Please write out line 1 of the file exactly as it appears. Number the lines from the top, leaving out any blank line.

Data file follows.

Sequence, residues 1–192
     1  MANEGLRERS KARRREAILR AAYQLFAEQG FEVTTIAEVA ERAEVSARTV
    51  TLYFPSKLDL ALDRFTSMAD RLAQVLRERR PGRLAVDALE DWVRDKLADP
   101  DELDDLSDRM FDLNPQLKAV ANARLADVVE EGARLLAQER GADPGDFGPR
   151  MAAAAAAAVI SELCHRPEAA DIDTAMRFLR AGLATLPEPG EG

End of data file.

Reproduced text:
Sequence, residues 1–192